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Dr. Kopelman tends to agree.

"While zinc oxide is indeed an effective physical blocker of UV radiation and is used in many commercial sunscreens, simply adding it to various emollients at home doesn't guarantee adequate sun protection," she tells us. "The concentration and distribution of zinc oxide must be precise to ensure even coverage and efficacy."

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Dr. Landriscina mentioned that there are many other ingredients added to commercial sunscreen formulas that make them effective in areas other than UV protection, including areas like stability and film-forming.

"The stability and photoprotective qualities of the mixture might be compromised, rendering it ineffective," Dr. Kopelman continues.

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Zinc oxide is one of many ingredients used in commercial sunscreens that offer protection from the sun's harmful rays.

Dr. Kopelman mentions titanium dioxide, avobenzone, octocrylene, and octinoxate as ingredients frequently used in commercial sunscreens.

"Titanium dioxide, like zinc oxide, provides broad-spectrum protection and is gentle on the skin, making it a great option for sensitive skin," she says, referring to the ingredients in mineral sunscreens.

"Avobenzone offers excellent protection against UVA rays and is often used in combination with other ingredients to enhance stability and coverage. Octocrylene absorbs UVB rays and helps stabilize other sunscreen ingredients, improving overall efficacy. Octinoxate effectively absorbs UVB rays," she explains, referring to chemical sunscreens.

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She personally enjoys zinc oxide and titanium dioxide "because they provide broad-spectrum protection, are photostable, and are less likely to cause skin irritation compared to some chemical filters." These ingredients are essentially physical shields that reflect UV rays.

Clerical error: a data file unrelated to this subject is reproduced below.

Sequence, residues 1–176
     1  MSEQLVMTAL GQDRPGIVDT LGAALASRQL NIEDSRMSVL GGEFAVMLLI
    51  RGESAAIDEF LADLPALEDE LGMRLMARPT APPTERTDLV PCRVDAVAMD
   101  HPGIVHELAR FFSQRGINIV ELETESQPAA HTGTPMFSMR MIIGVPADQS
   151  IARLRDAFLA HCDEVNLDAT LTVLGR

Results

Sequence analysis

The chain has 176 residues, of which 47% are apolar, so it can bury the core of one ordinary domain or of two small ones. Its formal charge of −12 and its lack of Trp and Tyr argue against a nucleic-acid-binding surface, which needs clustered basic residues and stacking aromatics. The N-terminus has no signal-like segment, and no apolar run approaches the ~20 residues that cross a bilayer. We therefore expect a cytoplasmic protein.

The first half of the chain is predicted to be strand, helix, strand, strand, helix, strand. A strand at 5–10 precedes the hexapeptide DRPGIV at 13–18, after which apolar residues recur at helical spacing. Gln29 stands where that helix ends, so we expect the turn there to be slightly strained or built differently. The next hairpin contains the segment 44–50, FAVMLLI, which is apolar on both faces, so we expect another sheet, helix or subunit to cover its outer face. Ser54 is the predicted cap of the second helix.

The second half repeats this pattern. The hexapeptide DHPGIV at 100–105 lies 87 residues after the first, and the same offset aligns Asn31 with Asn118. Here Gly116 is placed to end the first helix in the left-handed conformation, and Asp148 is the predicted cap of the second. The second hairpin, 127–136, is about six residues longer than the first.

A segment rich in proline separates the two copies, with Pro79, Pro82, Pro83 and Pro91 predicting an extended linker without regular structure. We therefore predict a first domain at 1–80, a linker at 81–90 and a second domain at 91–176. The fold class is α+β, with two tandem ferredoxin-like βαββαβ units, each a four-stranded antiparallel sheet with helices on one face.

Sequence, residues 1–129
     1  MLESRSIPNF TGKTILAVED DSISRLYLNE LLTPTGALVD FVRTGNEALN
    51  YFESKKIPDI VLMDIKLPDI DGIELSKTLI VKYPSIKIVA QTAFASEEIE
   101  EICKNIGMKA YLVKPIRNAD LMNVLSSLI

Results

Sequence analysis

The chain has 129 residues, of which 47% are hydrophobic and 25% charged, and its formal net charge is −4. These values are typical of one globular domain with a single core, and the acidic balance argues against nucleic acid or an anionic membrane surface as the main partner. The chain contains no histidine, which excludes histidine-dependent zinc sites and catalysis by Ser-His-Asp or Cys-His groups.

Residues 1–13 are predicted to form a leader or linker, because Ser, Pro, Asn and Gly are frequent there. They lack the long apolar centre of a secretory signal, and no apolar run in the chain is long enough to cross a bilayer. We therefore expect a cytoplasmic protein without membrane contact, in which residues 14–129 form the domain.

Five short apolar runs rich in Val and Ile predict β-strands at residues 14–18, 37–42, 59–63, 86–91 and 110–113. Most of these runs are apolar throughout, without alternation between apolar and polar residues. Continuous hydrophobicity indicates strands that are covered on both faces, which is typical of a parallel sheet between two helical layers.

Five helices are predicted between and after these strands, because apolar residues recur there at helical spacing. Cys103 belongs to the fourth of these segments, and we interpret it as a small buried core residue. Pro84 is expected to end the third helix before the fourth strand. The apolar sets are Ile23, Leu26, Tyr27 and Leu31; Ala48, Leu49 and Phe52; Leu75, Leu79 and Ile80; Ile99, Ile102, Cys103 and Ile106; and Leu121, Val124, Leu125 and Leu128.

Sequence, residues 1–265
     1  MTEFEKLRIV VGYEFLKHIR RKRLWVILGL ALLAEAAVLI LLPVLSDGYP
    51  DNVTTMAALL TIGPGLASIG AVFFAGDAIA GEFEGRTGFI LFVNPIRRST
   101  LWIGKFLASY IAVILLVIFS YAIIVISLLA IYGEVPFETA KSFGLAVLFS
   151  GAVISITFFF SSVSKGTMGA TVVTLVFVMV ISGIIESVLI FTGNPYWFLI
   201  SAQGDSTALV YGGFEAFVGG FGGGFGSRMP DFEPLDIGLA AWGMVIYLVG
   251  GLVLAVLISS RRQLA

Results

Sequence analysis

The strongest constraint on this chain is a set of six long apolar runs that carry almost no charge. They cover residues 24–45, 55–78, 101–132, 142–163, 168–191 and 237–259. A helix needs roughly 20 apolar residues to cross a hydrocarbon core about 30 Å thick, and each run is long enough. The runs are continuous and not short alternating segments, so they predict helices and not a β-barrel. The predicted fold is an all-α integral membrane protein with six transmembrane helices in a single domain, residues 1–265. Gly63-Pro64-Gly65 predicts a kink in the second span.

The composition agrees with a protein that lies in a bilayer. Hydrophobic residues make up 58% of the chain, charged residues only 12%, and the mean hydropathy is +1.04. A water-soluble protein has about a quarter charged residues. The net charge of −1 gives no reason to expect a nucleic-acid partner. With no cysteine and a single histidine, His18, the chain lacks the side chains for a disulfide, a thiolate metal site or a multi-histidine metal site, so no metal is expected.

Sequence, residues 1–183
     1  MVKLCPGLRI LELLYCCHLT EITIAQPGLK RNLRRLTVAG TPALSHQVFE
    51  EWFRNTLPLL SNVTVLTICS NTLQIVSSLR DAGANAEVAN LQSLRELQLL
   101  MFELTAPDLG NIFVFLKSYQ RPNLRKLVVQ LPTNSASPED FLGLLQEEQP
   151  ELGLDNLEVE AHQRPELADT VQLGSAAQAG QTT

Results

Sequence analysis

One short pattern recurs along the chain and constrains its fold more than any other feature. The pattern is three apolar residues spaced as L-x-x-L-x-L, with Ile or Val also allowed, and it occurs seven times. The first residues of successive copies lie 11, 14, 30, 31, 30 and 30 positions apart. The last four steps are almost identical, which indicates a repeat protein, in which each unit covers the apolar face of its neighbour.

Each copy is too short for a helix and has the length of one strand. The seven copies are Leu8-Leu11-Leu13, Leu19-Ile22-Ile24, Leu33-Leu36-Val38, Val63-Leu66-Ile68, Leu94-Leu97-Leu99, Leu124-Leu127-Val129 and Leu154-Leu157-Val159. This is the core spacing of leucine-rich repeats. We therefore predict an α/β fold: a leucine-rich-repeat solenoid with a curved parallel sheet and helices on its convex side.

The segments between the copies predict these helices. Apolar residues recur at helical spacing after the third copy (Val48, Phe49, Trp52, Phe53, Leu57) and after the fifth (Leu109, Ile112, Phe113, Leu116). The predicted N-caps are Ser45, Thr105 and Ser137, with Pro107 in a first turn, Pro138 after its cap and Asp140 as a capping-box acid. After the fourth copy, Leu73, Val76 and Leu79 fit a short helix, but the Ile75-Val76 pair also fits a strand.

Piedmont Healthcare relays that chemical sunscreens absorb UV rays before the skin can. The rays are then converted into heat and expelled from the body.

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Dr. Kopelman weighs in on the rise of DIY skincare influencers.

With loads of well-meaning skincare connoisseurs treating their kitchens like chemistry labs in front of millions of TikTok users, we asked Dr. Kopelman about her thoughts on the online world of DIY skincare.

"On one hand, it’s wonderful to see people taking an interest in skincare and becoming more educated about their skin health. However, as a dermatologist, I have significant concerns about the spread of misinformation and the promotion of unverified or unsafe practices," she begins.

"DIY recipes often lack scientific backing and can lead to adverse skin reactions, irritation, or worsening of skin conditions."

All in all, Dr. Kopelman urges people to seek skincare advice from qualified medical professionals, as do we, and to trust skincare products that have undergone rigorous testing over imprecise DIY recipes.